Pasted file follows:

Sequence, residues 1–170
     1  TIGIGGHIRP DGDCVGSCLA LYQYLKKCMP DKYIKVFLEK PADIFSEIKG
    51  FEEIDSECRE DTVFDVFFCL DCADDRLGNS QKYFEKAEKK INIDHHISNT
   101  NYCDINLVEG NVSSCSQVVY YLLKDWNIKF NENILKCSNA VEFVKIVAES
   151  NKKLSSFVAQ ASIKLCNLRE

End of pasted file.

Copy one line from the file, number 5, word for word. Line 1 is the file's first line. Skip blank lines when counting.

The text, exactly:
   151  NKKLSSFVAQ ASIKLCNLRE